Olive oil prices set to come down after giant Deoleo predicts bigger harvest

MADRID/PARIS — Olive oil lovers may finally get a break on their grocery bills, after three years of elevated prices for the staple of Mediterranean cooking.

Deoleo, the world’s largest olive oil supplier, expects rising global output in the 2017-2018 season will cut prices for consumers. That may help sales at the company, according to Chief Executive Officer Pierluigi Tosato, who is completing a financial restructuring.

Bigger harvests of the fruit across much of the Mediterranean region will lift oil output by an estimated 12 per cent, even as top producer Spain deals with a third year of drought, Tosato said in an interview. “That will push oil prices downwards, giving new breath to the market,” he said in an interview.

In Jaen, a city in southern Spain that’s a trading hub for the oil used in salads and cooking, prices for the finest extra-virgin quality have held above 3 euros (US$3.50) a kilogram (35 ounces) for most of the past three years, after climbing from less than 2 euros in 2014, according to prices tracked by the European Commission.

Higher prices have pushed homemakers and restaurants to seek cheaper alternatives such as sunflower-seed oil, which trades at about US80 cents a kilogram in Rotterdam. “Many consumers in mature markets such as Spain and Italy have started buying cheaper seed oil. Once they shift, it’s really unlikely they’ll go back” at current prices, Tosato said.

Spain’s annual olive oil consumption fell by about 90,000 metric tons in the past five years, while sunflower-seed oil rose by 140,000 tons, according to Vito Martielli, a grains and oilseeds analyst at Rabobank in the Netherlands. Italians now use around 160,000 tons less olive oil than in 2011, while sunflower-seed oil rose by about 200,000 tons, he said.

“If olive oil is not on the market, consumers have to find alternatives,” Martielli said. “We have some substitution in effect, and the oil that’s been winning, by far, is sunflower.”

Bottles of extra virgin olive oil on display inside the new food store in Moscow on May 21, 2017.

Revived demand would help Madrid-based Deoleo. The producer of the Carapelli and Bertolli brands is forecasting a return to growth as it completes a restructuring. Its shares have dropped 24 per cent this year, the worst performance on the 26-member BI Europe Packaged Food Valuation Peer Group index. Its market value is about one-tenth the 2 billion euros it had in 2007.

The company, which considers itself the largest marketer with a 10.4 per cent world value share, is completing a financial restructuring plan and forecasts growth returning.

The outlook for a bigger crop may bring relief, with the International Olive Oil Council forecasting 2017-18 global output will rise by about 300,000 metric tons to 2.85 million tons. Spanish benchmark prices for intermediate quality virgin oil fell to about 3.50 euros on Thursday, down from about 3.70 euros a month ago, according to industry price tracker POOLred.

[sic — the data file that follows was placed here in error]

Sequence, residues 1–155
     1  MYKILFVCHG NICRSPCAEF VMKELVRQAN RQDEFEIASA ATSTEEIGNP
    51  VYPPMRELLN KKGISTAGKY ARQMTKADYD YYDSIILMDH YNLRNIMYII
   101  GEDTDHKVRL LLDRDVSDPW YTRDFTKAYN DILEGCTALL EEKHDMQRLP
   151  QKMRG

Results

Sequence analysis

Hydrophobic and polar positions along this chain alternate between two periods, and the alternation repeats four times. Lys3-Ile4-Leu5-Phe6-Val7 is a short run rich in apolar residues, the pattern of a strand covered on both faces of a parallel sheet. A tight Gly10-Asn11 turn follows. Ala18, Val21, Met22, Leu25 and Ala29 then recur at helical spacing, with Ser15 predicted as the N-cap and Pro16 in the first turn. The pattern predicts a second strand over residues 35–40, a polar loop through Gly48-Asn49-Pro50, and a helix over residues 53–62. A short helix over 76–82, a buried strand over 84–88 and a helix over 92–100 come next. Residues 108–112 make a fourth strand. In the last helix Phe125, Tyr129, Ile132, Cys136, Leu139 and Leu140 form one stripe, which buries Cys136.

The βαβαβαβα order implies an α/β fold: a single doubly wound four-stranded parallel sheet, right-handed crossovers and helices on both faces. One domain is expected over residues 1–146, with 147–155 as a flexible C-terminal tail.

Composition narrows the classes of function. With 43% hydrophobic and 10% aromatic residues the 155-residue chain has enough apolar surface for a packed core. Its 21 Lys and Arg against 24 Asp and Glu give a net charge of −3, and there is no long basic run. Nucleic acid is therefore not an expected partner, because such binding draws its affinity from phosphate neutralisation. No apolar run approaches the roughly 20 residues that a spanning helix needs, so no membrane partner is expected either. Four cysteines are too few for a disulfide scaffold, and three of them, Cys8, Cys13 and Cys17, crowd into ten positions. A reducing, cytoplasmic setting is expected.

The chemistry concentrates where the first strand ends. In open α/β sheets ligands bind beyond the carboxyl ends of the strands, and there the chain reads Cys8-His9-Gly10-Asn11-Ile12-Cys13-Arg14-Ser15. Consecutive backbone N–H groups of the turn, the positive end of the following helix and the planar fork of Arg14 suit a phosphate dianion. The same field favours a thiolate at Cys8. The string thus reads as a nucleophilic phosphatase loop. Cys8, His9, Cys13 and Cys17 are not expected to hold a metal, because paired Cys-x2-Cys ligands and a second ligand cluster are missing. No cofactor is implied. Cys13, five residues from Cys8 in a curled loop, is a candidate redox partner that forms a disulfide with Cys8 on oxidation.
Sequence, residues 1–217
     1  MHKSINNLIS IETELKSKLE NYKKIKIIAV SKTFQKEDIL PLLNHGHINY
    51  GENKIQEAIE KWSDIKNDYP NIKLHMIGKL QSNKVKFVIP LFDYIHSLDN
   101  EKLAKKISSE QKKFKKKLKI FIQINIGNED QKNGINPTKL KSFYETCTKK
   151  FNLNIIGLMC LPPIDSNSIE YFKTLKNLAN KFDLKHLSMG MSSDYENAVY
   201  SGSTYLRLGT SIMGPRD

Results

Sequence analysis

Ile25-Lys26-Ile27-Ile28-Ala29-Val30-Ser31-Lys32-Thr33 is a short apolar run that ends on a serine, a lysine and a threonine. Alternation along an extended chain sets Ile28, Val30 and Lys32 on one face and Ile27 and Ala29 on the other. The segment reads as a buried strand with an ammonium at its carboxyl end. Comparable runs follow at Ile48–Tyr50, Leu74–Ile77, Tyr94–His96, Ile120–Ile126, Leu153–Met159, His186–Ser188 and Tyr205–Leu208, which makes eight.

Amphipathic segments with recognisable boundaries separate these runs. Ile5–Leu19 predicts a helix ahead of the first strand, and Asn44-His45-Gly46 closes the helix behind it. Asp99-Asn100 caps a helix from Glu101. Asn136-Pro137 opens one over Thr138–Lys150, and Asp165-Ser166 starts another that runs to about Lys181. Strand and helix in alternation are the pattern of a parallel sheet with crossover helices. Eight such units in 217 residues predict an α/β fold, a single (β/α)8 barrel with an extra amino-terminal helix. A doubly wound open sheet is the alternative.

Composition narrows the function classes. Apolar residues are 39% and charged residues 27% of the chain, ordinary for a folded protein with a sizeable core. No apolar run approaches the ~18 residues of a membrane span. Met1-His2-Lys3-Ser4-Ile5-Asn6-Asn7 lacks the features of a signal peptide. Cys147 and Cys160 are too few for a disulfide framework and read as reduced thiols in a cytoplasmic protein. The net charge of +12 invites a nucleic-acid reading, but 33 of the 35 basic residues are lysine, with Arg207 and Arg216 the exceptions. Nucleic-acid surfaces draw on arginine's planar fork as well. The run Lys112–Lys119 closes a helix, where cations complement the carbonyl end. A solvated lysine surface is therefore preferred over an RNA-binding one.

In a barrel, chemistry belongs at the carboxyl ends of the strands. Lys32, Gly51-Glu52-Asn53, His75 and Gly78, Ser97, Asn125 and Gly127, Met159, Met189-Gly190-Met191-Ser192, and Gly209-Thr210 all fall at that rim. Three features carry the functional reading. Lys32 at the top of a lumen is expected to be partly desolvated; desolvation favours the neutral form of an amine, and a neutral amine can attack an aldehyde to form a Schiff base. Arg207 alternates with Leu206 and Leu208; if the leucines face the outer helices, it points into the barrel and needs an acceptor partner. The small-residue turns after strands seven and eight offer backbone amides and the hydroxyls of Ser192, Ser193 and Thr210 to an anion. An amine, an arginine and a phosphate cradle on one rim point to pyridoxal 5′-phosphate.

“The Spanish, Italians and Greeks like to consume olive oil — it’s the preferred oil,” said Martielli. “If it’s more affordable, they’ll switch back.”

Higher sales induced by lower prices would constitute only one pillar of the plan Deoleo has set in motion for a business rebound. The other will be a 15 million-euro investment mainly focused on expanding in international markets such as the U.S. and India.

In the U.S. and northwest Europe, as well as in emerging markets including Brazil and India, where olive oil is a niche product that’s appreciated for its health benefits, demand is still good despite high prices, according to Rabobank’s Martielli.

“This year has been a year of transition, the next one is going to be the year of expansion,” Tosato said, in remarks confirmed by his spokesman on Friday. “Our target for 2018 is having no losses after paying interest on debt.”

To achieve its goal, Deoleo can count on the support of its main shareholder, U.K. private equity firm CVC Capital Partners, which holds a 50.01 per cent stake. “The relationship with CVC is very good. They see Deoleo as a long-term project and will invest in the company for many years,” said Tosato, who rules out a capital increase for now. “CVC said it will do it if it’s needed. It would be their own decision, but I don’t think it’s necessary.”

The company posted a nine-month loss of 5.4 million euros, down 80 per cent from a year earlier. Earnings before interest, taxes, depreciation and amortization dropped 29 per cent to 26.8 million euros. Net debt rose 3 per cent to 549 million euros.

Deoleo “is always looking for acquisitions, even if the company isn’t yet ready, and would always have the support of CVC” for a potential transaction, Tosato said.

Bloomberg.com

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